"The Nature of Existence" movie asks, Why do we exist?

by moshe 6 Replies latest social entertainment

  • moshe

    I missed this movie, by Roger Nygard at some theaters earlier this year- it's available on video now. I just watched it through Netflix and I enjoyed it a lot. Has anyone else seen it yet?

    - http://www.youtube.com/watch?v=J8rKnDId4M0

  • moshe


  • Satanus

    It's a very fundamental question. Maybe, i'll try to watch it.


  • jaguarbass

    It looks interesting. I'd like to see it.

  • Terry

    ...um, I can't see that the question is particularly profound in view of the fact only an EXISTING thing has self-interest.

    The Fix is in!

    In a Universe where nothing exists the question could never arise.

    Consequently and logically the only alternative is for a Universe in which existence exists. The question arises (Why do I exist?) from that alternative.


    1.Nothing exists. Consequence: no question about non-existence can be asked. There is nobody to ask:"Why don't we exist?'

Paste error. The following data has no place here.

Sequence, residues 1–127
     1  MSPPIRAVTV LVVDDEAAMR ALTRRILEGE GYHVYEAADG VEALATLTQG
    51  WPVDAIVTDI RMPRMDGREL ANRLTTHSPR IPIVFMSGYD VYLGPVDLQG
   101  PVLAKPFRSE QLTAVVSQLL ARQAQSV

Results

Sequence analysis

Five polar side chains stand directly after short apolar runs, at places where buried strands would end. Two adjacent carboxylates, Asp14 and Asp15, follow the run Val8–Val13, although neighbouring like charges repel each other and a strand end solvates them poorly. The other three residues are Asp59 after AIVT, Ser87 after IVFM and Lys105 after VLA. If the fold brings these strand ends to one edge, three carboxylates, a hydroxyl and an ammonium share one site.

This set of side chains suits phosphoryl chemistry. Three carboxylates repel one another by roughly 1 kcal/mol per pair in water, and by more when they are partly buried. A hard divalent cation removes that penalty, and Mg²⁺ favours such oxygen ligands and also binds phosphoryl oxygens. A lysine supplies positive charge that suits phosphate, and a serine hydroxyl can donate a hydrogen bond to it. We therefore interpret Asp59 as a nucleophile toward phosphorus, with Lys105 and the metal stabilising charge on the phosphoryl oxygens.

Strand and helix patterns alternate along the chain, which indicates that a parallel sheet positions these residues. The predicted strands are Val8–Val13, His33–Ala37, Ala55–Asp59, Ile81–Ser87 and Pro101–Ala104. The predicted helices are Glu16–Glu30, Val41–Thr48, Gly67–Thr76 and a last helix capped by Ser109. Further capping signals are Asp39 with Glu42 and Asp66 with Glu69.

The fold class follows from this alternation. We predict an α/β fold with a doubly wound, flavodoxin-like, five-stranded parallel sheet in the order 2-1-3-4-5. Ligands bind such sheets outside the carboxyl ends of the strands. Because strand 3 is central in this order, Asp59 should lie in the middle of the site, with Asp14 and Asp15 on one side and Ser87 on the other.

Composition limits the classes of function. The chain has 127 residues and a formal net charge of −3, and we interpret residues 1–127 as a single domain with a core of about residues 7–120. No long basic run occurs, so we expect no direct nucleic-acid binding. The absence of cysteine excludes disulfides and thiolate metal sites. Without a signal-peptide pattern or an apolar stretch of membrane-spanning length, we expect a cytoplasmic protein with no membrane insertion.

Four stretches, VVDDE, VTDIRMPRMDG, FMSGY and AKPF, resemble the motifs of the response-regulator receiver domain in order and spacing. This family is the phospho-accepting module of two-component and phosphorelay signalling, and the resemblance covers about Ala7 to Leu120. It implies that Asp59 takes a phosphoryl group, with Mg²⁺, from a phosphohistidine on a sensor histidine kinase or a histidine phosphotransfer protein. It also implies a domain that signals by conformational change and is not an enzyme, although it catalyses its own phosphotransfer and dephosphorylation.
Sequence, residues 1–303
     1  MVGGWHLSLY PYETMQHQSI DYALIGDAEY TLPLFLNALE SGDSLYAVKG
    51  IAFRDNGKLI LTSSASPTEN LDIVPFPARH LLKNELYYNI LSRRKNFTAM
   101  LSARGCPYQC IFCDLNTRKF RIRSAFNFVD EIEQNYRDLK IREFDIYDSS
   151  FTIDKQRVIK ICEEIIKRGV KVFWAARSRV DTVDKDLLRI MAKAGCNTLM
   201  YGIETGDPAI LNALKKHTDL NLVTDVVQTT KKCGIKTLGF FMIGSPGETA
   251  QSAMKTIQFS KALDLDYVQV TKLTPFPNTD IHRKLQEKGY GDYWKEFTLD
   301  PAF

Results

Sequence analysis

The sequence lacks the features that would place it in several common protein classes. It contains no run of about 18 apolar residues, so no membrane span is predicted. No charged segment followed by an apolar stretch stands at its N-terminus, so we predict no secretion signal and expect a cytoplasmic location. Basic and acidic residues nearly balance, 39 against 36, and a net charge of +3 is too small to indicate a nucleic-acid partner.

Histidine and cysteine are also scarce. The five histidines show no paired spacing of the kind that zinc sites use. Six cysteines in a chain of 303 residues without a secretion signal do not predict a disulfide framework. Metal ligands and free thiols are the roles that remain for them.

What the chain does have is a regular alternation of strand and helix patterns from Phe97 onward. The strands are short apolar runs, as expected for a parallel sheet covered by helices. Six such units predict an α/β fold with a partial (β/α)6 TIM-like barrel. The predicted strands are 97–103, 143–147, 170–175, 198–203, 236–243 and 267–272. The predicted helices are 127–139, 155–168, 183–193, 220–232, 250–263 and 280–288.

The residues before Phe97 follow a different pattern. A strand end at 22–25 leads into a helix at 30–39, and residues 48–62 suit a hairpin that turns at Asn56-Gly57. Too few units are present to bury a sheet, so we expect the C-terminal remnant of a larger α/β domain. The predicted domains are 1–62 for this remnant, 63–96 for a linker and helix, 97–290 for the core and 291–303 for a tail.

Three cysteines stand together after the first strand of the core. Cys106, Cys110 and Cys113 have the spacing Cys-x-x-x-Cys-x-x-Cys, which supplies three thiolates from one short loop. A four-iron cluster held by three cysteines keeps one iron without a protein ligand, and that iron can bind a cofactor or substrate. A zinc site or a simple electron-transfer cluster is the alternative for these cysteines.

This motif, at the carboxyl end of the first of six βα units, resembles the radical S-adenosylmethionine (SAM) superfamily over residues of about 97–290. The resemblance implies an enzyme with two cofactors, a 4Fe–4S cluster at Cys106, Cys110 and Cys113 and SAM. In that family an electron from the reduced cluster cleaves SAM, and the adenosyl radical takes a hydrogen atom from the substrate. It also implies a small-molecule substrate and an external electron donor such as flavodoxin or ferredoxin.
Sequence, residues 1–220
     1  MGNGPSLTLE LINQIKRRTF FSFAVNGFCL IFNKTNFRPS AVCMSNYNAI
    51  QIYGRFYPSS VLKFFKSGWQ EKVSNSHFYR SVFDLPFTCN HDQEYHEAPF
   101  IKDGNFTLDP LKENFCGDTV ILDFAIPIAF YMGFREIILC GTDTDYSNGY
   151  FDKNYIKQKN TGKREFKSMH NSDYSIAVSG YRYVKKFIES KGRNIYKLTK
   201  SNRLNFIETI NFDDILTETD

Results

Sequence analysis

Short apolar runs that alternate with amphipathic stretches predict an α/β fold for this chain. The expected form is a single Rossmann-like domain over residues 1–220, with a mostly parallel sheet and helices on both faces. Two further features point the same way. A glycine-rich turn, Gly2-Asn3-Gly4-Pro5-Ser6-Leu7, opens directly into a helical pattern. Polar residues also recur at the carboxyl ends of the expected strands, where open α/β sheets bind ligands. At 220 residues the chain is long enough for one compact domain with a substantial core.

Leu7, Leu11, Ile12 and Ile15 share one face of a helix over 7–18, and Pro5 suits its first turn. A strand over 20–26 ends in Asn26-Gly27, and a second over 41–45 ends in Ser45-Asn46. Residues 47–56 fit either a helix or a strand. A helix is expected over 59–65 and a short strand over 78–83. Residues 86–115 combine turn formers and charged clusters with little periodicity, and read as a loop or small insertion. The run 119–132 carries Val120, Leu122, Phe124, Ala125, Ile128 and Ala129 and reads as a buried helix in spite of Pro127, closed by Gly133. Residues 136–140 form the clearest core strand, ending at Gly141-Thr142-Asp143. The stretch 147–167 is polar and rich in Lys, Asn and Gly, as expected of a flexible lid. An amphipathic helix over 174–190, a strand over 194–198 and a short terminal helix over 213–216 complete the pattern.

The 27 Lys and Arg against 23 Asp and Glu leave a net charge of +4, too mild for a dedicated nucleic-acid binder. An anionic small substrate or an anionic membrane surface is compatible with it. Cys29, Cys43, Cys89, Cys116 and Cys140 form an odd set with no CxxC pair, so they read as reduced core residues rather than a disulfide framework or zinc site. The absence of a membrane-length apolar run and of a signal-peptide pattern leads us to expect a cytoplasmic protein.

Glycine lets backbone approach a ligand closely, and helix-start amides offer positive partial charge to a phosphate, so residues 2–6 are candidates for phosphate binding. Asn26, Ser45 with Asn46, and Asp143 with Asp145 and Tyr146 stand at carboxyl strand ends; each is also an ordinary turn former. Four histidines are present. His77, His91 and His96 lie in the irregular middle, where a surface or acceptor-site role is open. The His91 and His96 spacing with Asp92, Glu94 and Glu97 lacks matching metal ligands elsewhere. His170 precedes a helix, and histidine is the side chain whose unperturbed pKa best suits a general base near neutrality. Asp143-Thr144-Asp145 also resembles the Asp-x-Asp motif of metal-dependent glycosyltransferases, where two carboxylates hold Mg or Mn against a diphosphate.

2.Something exists. Consequence possibility: a. An existing mind asks: 'why do I exist?' b.An existing mind doesn't ask: 'why do I exist?

    Conclusion: The question about existence is a natural consequence of existence itself. That is the "Why."

    Why do we exist?

    Answer: If we didn't we wouldn't ask in the first place.

    Subtext: Existence is binary: it either IS or it ISN'T.

    That one of those possibilities has ocurred is merely the fact of alternative possibility.

  • moshe

    Terry, after hearing all the reasons for man's existence given in this movie, I noticed how little factual substance any religious experts have for their answers.

  • Terry

    Once you assume your premise the conclusion is always inevitable.

    Religion BEGINS with the presupposition of a Creator's existence.

    All else naturally follows as easy as A-B-C....

    Religion can only have contempt (never pity!) for the atheist or agnostic because skepticism calls into question the "given" of existence itself revealing the soft underbelly of Faith as naive and incurious.

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